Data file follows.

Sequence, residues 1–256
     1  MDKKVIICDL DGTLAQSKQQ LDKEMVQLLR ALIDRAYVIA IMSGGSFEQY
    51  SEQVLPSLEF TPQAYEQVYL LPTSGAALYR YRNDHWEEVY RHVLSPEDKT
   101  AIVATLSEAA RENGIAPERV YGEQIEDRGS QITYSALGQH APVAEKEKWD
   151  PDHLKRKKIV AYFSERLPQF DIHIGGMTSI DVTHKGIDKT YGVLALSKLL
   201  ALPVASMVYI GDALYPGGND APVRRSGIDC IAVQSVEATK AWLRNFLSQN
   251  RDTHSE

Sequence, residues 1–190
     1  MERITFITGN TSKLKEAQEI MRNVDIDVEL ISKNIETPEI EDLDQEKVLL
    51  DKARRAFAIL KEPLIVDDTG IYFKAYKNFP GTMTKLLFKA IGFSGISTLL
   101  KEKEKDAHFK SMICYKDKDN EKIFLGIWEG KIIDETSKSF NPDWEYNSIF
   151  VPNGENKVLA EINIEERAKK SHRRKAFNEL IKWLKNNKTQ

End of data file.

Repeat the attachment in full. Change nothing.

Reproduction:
Sequence, residues 1–256
     1  MDKKVIICDL DGTLAQSKQQ LDKEMVQLLR ALIDRAYVIA IMSGGSFEQY
    51  SEQVLPSLEF TPQAYEQVYL LPTSGAALYR YRNDHWEEVY RHVLSPEDKT
   101  AIVATLSEAA RENGIAPERV YGEQIEDRGS QITYSALGQH APVAEKEKWD
   151  PDHLKRKKIV AYFSERLPQF DIHIGGMTSI DVTHKGIDKT YGVLALSKLL
   201  ALPVASMVYI GDALYPGGND APVRRSGIDC IAVQSVEATK AWLRNFLSQN
   251  RDTHSE

Sequence, residues 1–190
     1  MERITFITGN TSKLKEAQEI MRNVDIDVEL ISKNIETPEI EDLDQEKVLL
    51  DKARRAFAIL KEPLIVDDTG IYFKAYKNFP GTMTKLLFKA IGFSGISTLL
   101  KEKEKDAHFK SMICYKDKDN EKIFLGIWEG KIIDETSKSF NPDWEYNSIF
   151  VPNGENKVLA EINIEERAKK SHRRKAFNEL IKWLKNNKTQ